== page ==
Cristina Medina was born and raised in Houston, Texas, and currently pursuing a Bachelors Degree in Hospitality Management at the Art Institute of Houston. Like many women with ADHD, she was diagnosed as an adult. In this interview she shares her diagnosis experience and how a spontaneous move to San Antonio changed her life.
Name: Cristina Medina
City: Houston Texas
Occupation: Enrollment Processor, The Art Institute of Houston
Age of ADHD Diagnosis: 23
I had no idea I had ADHD until I was about 23. I knew that I was dyslexic at the age 5 but no one caught it until I graduated from The Art Institute of Houston. I started school at The University of Houston, and my first semester there was tough. I decided to go to their learning disability center so I could get some help. I brought my paper work in from high school that my mom had kept for me.
They tested me for ADHD and Dyslexia and it came out that I was both. The psychologist was surprised that they didn’t see this back then because every single thing on my paper work said attention problems. Now I knew why I always felt like everything was happening all at once, like my mind was always going 100 miles an hour. Why I couldn’t keep up with note taking in class. I knew why it was hard for to prioritize, why I was incapable of waiting in lines, why I always acted before thinking, doing crazy things that normal people don’t do. Why when I read something it was like I am saying words but nothing was registering in my brain.
My mom told me once, “Cristina you know that song by the country band Alabama?” It was called I’m in a hurry to get things done. I think that’s the name of the song. She said “that song reminds me of you.” It’s true, that song was and is still me.
What is one of your ADHD superpowers?
One of my strengths is that I am very creative and hands on. I enjoy figuring out things on my own and coming up with solutions to any problem. I am really good at party planning, and making my own jewelry.
What is one challenging moment you had with ADHD?
One day I was walking out of my house and going to get into my car to leave. That day we had workers around the house and they were parked in the drive way. Walking to my car I saw the vehicle parked behind me and as I got into my car backing up I had totally forgot that the workers truck were there. So I ended up hitting their vehicle and messing up mine. With in a split second I had forgotten that this truck was right behind me. I ran to my room and started crying, upset with myself because how does a person forget something like this. It’s funny now but back then it was devastating.
What is one thing you are proud of?
My family. I never imagined that I would be married and have a child. I am proud of us and the obstacles that we overcome everyday with me having ADHD.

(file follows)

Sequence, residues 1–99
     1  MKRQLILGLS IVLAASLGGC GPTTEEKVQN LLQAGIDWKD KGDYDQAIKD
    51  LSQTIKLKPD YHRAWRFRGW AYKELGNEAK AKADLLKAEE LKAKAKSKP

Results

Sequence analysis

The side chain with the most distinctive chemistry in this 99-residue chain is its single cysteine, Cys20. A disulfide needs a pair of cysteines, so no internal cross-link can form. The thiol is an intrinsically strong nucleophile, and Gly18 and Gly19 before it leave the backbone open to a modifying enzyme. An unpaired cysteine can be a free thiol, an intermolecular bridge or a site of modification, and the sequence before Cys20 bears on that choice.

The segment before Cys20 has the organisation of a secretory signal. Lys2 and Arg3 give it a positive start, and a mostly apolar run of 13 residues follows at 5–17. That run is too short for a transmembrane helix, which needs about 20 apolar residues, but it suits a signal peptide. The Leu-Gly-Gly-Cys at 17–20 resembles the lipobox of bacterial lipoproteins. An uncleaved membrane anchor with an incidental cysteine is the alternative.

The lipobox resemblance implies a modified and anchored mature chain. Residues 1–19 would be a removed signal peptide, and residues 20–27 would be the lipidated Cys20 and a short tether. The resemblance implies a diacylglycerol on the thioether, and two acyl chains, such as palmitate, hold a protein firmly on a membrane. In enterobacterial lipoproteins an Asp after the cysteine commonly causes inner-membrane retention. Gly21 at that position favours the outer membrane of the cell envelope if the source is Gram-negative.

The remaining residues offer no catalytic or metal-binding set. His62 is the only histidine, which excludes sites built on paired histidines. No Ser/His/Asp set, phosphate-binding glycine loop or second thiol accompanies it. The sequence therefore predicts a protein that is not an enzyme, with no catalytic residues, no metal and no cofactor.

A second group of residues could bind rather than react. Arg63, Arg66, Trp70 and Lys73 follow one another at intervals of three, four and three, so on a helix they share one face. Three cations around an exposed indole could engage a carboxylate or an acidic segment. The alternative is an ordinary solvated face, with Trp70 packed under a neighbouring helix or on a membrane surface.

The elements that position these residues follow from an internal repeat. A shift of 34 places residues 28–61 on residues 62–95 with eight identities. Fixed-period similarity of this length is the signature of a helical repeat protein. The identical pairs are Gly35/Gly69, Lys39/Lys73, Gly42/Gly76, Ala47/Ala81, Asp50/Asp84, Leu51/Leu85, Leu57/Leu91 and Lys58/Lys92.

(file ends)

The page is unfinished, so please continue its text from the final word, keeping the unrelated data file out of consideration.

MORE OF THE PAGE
Since I am impulsive, I had my dad sell a house he had bought for me and packed my things to move to San Antonio for a boyfriend. I had never been on my own before so it was life changing experience. That boyfriend is now my Husband, and we have been married for 5 year going on 6. We have a beautiful 5 year daughter name Genevieve.
What advice you would give to your younger self?
You are a smart, intelligent person, who is creative, beautiful, fun, spontaneous, loving, and caring. You are going to have difficulties in school with behavior, attention, math, spelling, remembering & forgetting things and you are going to struggle with motivation, self esteem, some days you are not going to want to anything. You might have to work extra hard than other and you are going to be a horrible relationship 4 years of high school and it’s going to impact you tremendously. Please know that is not what love is about. You are going to be caught up in fantasies on how a relationship should look like and how those people make you feel right then. You are not going to notice the real person because you are so distracted by how they make you feel. The reason behind all of this is you are ADHD. You need stimulation and have chemical imbalance in your brain.
But please do not feel discouraged, alone, stupid, or embarrassed because there are tons of little girls like you and become successful in all aspects in life. I want you to remember this… always love yourself no matter how down you are feeling. You are worth more than you know and deserve the best in life.
Can you relate with Cristina’s story? Share your comments below or join the conversation on our Instagram Page. If you’d like to share your ADHD story with our community, contact us here.
Thank you for sharing your story; it really helps me feel like I’m not alone in the ADHD world.
Salena, I’m in the same boat. You’re not alone and though ADHD is a tough burden sometimes, it did give me comfort reading that other women such as you and Cristina are out there. I often feel alone with this or, if I tell someone I’m ADHD they think I’m not being serious or it’s an excuse for forgetting or interrupting. It can be lonely and frustrating!
Loved this post!
Cristina, thank you for sharing♡. I’m 32 with ADHD and a fellow Texan, I feel so lost and different from everyone else. Your advice to your younger self brought me to tears because, I feel like It was the advice I needed in this very moment.
I’ve been diagnosed as ADHD since I was a child however, and it’s caused an anxiety disorder on top of my already spaced out existence.
It gives me hope that I’m not alone and there are other adult women achieving wonderful and admirable things out there in the world carrying this heavy heavy bag named ADHD.
Thank you so very much again, Cristina